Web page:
The topics studied may vary from year to year and have included "Fellini on Lust, Love and Loss" and "Rossellini, De Sica and Neorealism," among others. The course is discussion-based and aims to develop an understanding of and appreciation for both Italian cinema’s contribution to the art of film and its visual expression of Italian culture. Coursework includes oral presentations, short papers and a final exam. The course emphasizes the development of writing and research skills. It is open to first- and second-year students outside of MLL, as well as any students doing degree work in MLL who wish to use the course to satisfy advanced requirements in Italian. It may be repeated one time for a maximum of 1.0 unit of credit if the content is substantially different the second time. The course is taught in English. This counts toward the film major and the fine arts distribution requirement when paired with another film course. Attendance at film screenings is required. No prerequisite. Generally offered every year.
This course provides an introduction to contemporary Italian literature in its historical context. The course deepens understanding of the Italian language through advanced analysis of grammar and syntax in literary texts. Beyond reading and discussion, coursework includes short response papers, a research paper, oral presentations and a final exam. Attendance at evening film showings is required. This course can be repeated for credit up to 1.0 unit. Prerequisite: ITAL 213-214Y or equivalent. Offered every year.
This course is designed as a survey and exploration of perceptions of Italian literary and artistic creation from the Middle Ages to the present. It covers literary texts selected according to a variety of themes, works of art from the Middle Ages to the 20th century, and films to contextualize discussion of whether a continuity and stream of Italian creativity can be said to exist throughout the history of Italian culture (and how to define such continuity or discontinuity). Themes may include the imagery of love, religion, family and philosophical reflections such as those on the nature of the individual. Students read selections from both classical literary authors and contemporary authors, along with essays on the history of medieval and Renaissance painting and experiences of modernity. For cinema, they watch films by Visconti, Fellini, Antonioni, Bertolucci and others, exploring how the themes have changed or remained the same through the Italian literary and cultural tradition. Prerequisite: ITAL 321 or equivalent. Offered every other year.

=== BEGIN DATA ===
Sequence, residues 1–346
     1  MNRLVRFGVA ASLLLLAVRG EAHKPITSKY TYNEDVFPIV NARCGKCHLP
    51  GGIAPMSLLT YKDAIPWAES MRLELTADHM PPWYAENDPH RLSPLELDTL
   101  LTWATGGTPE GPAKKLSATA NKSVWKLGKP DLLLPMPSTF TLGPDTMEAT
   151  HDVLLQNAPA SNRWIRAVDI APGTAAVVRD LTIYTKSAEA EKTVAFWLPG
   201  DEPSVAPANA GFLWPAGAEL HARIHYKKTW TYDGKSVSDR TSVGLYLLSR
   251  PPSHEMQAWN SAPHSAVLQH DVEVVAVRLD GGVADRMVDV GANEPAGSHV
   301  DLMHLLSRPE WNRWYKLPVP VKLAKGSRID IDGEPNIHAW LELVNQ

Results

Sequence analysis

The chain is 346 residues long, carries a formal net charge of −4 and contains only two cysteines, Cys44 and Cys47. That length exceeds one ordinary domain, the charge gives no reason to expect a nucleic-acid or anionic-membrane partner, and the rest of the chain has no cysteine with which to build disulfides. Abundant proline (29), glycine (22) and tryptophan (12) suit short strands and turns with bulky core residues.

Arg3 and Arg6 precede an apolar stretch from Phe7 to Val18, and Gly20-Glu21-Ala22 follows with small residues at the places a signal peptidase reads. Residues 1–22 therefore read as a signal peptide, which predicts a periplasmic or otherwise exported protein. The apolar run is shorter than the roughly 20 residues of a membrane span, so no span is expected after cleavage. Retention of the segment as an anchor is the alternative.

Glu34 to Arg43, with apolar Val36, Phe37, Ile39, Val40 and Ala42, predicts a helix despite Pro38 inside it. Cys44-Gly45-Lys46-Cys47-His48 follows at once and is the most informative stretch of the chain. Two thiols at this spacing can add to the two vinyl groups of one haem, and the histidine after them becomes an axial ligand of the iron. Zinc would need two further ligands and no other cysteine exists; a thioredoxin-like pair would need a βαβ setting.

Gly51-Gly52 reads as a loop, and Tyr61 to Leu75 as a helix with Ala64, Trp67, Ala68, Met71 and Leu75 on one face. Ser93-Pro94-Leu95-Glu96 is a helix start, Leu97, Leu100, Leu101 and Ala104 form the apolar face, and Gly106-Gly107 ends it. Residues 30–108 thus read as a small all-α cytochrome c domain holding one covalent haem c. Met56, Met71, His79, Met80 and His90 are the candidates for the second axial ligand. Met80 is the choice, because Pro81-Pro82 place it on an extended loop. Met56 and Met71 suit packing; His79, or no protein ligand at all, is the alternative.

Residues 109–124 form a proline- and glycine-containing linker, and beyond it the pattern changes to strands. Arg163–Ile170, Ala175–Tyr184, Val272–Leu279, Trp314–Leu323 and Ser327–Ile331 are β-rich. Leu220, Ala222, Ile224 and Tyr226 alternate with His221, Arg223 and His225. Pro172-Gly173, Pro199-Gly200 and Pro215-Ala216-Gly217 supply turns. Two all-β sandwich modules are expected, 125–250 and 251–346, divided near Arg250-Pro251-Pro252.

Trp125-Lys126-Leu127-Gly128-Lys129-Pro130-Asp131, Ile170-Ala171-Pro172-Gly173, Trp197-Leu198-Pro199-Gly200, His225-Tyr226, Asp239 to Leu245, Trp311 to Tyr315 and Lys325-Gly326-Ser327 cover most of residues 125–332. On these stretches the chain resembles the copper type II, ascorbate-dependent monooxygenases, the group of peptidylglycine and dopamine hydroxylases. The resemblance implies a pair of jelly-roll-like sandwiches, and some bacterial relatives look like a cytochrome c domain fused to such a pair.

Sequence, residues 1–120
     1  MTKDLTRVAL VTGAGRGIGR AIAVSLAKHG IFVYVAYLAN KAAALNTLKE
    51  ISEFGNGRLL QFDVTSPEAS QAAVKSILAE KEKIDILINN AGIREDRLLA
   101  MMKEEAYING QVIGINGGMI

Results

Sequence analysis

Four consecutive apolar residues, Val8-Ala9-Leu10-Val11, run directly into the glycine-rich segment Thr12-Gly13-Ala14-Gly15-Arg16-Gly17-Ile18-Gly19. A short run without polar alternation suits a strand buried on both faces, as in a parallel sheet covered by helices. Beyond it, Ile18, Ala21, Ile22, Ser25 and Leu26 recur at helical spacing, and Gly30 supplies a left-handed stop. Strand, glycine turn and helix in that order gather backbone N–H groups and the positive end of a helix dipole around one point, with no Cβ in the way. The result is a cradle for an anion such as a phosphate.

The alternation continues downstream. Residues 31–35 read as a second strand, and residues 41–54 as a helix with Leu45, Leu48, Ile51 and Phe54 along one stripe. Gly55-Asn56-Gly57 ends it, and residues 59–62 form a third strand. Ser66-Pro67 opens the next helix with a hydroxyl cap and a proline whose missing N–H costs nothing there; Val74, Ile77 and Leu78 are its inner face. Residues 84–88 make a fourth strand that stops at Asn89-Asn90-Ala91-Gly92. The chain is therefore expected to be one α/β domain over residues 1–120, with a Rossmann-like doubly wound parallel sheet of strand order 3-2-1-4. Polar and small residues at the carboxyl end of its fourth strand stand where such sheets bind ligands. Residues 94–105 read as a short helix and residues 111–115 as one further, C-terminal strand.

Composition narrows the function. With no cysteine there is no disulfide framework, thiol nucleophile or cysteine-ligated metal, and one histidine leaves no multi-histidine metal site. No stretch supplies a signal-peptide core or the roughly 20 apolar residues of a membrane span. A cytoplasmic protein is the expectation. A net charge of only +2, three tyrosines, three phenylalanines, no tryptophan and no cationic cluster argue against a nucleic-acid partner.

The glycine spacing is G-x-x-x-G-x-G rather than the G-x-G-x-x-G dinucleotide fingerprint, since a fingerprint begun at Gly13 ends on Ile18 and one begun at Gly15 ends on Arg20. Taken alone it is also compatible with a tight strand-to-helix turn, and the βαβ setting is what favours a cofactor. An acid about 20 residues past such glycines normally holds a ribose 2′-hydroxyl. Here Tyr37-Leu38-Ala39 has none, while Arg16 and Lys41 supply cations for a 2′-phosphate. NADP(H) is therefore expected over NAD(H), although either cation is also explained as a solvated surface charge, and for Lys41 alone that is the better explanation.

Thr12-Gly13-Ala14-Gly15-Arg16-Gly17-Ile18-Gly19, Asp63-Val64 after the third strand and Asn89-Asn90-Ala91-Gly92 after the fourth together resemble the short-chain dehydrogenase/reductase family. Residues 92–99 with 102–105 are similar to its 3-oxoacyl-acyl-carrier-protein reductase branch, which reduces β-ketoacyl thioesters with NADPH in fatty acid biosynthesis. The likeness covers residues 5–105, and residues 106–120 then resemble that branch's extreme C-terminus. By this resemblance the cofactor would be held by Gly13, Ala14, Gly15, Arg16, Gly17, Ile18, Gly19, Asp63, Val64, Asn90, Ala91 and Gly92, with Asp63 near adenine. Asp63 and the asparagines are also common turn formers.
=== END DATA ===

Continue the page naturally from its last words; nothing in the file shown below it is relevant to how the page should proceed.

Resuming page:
This course offers an opportunity to study on an individual basis an area of special interest — literary, cultural or linguistic — under the regular supervision of a faculty member. It is offered primarily to candidates for honors, to majors and, under special circumstances, to potential majors and minors. Individual study is intended to supplement, not to take the place of, regular courses in the curriculum of each language program. Staff limitations restrict this offering to a very few students. To enroll in an individual study, a student must identify a member of the MLL department willing to direct the project and, in consultation with him or her, write a one-page proposal for the IS which must be approved by the department chair before the individual study can go forward. The proposal should specify the schedule of reading and/or writing assignments and the schedule of meeting periods. The amount of work in an IS should approximate that required on average in regular courses of corresponding levels. At a minimum, the department expects the student to meet with the instructor one hour per week. Because students must enroll for individual studies by the end of the seventh class day of each semester, they should begin discussion of the proposed individual study by the semester before, so that there is time to devise the proposal and seek departmental approval.